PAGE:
|Número de publicación||US4511474 A|
|Tipo de publicación||Concesión|
|Número de solicitud||US 06/574,782|
|Fecha de publicación||16 Abr 1985|
|Fecha de presentación||27 Ene 1984|
|Fecha de prioridad||27 Ene 1984|
|Número de publicación||06574782, 574782, US 4511474 A, US 4511474A, US-A-4511474, US4511474 A, US4511474A|
|Inventores||Coimbatore R. Krishna, Julius S. Milau|
|Cesionario original||The United States Of America As Represented By The United States Department Of Energy|
|Exportar cita||BiBTeX, EndNote, RefMan|
|Citas de patentes (14), Otras citas (6), Citada por (13), Clasificaciones (12), Eventos legales (5)|
|Enlaces externos: USPTO, Cesión de USPTO, Espacenet|
The United States Government has rights in this invention persuant to Contract Number DE-ACO2-76CH00016, between the United States Department of Energy and Associated Universities, Inc.
The invention relates to improved cyclone separators for removing particulate material from fluids including a wide variety of liquids, gases, and more particularly, relates to improvements in such separators for controlling boundary layer turbulence in the vortex flow of fluid therethrough in order to prevent particulate material from inducing turbulence in the boundary layer and causing reentrainment of particulate material in the vortex flow. The basic principles common to most cyclone separators have been known and used for years. Such separators have been successfully used to purify both liquids and gases by separating entrained particulate matter from them. In addition, cyclone separators have been used to separate both liquids of differing viscosity, and entrained particles of differing sizes, from one another. For example, such devices are useful to separate cream from milk, entrained water from steam, as well as to separate dust from air supplies and smoke from the discharge gases in chimney flues.
In general, cyclone separators operate by subjecting a flow of fluid and entrained particles passing through the separator to a combination of forces that are effective to drive most of the particules to an area of the separator where the particles can be readily extracted from the fluid flow. Typically, a cyclone separator includes a generally cylindrical chamber for receiving inlet fluids, and a frusto-conical section for establishing a vortex flow of the fluid toward the truncated apex end of the conical section. Fluid is introduced under high pressure tangentially into the upper end of the cylindrical chamber and flows helically into the frusto-conical section which establishes a vortex flow in the fluid to increase the centrifugal forces and angular velocity gradient applied to the fluid flow and the entrained particles. In addition to those forces, a pressure differential exists in the separator from the inlet end toward the outlet end thereof as well as from the periphery of the cylindrical chamber and frusto-conical section toward the central longitudinal axis of the separator.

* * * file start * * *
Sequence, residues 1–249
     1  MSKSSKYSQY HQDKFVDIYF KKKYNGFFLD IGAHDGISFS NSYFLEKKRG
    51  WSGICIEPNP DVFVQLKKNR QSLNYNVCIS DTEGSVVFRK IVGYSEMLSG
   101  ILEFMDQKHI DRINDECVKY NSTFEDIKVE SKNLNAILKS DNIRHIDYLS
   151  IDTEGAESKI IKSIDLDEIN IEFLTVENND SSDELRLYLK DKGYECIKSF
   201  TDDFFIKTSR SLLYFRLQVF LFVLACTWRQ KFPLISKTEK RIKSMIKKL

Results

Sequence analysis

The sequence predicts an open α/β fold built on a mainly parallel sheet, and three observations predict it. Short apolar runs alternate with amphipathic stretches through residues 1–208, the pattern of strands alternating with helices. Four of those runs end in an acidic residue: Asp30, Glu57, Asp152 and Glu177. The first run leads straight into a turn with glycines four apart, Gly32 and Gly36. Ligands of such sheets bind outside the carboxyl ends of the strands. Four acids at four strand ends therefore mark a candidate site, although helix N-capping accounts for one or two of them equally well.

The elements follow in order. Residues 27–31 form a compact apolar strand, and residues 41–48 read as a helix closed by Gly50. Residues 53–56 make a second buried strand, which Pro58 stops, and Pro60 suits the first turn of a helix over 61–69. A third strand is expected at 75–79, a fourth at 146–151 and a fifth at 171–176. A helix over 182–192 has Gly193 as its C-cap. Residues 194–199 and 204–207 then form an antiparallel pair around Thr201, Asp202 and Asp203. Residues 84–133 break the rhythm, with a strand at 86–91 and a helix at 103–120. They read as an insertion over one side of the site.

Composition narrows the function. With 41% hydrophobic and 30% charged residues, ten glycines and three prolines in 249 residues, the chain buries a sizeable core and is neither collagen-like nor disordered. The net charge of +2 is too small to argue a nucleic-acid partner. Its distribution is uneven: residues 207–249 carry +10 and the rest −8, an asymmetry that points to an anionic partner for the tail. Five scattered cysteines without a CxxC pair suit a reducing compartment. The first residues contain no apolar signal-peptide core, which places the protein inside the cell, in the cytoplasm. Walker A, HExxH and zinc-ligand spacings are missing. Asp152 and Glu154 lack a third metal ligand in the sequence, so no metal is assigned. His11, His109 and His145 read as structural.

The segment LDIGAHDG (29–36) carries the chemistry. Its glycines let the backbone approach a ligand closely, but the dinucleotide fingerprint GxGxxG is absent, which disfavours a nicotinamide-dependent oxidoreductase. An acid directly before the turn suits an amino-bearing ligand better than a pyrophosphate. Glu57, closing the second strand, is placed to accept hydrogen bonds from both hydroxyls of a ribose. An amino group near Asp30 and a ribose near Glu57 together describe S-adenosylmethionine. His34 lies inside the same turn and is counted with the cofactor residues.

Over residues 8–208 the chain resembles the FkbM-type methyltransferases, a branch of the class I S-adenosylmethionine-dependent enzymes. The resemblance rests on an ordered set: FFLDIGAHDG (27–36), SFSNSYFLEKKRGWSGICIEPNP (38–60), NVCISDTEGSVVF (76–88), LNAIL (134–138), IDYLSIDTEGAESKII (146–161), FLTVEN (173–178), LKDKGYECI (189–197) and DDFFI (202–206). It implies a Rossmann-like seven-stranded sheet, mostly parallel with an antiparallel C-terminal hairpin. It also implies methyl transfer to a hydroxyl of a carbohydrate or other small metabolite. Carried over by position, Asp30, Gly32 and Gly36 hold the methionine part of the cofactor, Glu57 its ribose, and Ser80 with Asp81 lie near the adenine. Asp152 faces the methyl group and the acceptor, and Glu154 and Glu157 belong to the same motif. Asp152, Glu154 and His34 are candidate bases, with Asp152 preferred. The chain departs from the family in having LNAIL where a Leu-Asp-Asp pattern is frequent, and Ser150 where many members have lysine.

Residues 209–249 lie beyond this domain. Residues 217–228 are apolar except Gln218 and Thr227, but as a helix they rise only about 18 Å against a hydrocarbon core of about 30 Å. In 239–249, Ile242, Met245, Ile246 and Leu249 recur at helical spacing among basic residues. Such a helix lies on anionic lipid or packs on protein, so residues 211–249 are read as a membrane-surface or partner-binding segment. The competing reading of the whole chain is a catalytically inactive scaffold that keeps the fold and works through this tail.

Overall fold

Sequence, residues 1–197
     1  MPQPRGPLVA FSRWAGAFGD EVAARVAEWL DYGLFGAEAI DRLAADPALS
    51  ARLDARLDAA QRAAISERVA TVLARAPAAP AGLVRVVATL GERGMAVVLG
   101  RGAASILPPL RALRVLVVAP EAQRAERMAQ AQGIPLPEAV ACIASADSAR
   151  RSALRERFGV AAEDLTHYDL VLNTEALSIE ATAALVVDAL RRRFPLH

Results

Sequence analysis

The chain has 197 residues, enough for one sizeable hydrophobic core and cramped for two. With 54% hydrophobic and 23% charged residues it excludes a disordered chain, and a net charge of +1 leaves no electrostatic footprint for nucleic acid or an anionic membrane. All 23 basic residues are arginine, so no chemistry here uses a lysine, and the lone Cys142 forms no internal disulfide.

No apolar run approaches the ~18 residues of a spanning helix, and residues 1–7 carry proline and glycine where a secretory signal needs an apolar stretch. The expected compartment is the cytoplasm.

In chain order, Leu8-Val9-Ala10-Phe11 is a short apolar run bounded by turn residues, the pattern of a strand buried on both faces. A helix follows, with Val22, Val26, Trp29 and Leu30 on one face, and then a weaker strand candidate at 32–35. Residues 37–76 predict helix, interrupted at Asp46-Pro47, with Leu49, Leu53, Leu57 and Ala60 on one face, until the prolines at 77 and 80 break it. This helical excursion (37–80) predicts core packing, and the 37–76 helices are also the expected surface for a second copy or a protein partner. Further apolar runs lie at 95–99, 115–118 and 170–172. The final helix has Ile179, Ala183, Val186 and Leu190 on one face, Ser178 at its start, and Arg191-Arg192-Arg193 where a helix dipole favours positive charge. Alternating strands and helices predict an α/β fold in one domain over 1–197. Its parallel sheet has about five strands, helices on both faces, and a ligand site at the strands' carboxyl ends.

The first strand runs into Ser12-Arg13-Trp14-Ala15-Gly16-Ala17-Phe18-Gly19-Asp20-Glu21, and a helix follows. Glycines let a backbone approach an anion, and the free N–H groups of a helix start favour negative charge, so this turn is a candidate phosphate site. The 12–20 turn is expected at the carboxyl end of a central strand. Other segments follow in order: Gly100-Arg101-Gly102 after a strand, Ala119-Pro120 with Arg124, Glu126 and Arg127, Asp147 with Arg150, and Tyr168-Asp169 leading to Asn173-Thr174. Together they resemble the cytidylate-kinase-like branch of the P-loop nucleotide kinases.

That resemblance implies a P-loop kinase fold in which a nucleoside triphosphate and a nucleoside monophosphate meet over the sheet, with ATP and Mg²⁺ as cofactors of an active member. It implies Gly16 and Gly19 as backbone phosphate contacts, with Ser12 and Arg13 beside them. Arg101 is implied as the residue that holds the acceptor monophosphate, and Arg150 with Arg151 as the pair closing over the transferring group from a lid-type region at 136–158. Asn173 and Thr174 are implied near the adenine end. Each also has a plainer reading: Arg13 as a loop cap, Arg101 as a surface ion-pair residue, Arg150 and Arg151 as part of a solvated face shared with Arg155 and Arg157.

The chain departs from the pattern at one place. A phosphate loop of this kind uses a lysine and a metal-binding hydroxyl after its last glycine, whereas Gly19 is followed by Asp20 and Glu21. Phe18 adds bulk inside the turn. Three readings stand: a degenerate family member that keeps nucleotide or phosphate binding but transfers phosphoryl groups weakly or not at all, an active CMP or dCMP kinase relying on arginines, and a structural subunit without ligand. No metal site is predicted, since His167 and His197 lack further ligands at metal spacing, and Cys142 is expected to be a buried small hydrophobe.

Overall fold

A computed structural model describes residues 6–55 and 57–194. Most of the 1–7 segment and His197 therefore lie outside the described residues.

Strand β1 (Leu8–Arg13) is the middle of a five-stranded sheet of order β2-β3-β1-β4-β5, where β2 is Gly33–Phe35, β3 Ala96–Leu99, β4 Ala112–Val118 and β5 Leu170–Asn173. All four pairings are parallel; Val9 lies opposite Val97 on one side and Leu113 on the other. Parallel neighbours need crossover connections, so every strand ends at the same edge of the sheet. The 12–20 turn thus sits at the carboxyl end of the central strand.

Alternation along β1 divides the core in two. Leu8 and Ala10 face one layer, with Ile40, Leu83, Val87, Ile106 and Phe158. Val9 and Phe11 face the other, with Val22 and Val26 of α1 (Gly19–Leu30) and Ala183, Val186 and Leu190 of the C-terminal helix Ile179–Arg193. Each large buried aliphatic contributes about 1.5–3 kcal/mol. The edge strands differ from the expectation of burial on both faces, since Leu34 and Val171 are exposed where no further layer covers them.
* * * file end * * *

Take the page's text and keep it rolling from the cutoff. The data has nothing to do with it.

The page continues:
The centrifugal force exerted by the toroidal flow of the fluid passing through the separator acts to propel the heavier matter in the fluid flow toward the circumference of the separator walls. Further complex forces operate to separate heavier particles from the fluid flow passing through such separators. Normally, the longitudinal axis of a cyclone separator is veritically oriented so that the force of gravity is effective to more heavy particles in the vortex fluid flow toward the outlet of the separator at the truncated end of its frusto-conical section. There also exists an hydraulic drag force or effect on particles in the vortex flow through cyclone separators. This hydraulic drag effect is most pronounced on particles having relatively long bodies that subject different areas of the particles simultaneously to the friction force of the relatively slower velocity fluid near the center of the cyclone separator, while the outer end of the particles are subjected to another friction force exerted by faster moving fluid nearer the periphery of the vortex flow. Such hydraulic drag effects cause longer particles in the fluid flow to tend to move radially inward toward the longitudinal axis of the separator.
In addition to these complex forces present in cyclone separators, there is always a considerable degree of turbulence present in the vortex flow of fluid through a separator. Such turbulence is normally very counter-productive and frequently causes mixing of pariculate matter with the fluid flow, rather than facilitating separation of particulate matter from the fluid, as in normally desired. Thus, turbulence in the vortex flow of a separator has long been recognized as a disadvantage and various measures have been developed to eliminate or diminish such turbulence. One significant source of turbulence in cyclone separators is the introduction of eddy currents into the flow of liquid entering the separator at high velocity. In general, such eddy current turbulence increases as the velocity of inlet fluids is increased in an effort to improve the separating effect of the centrifugal forces acting in the separator on entrained particles.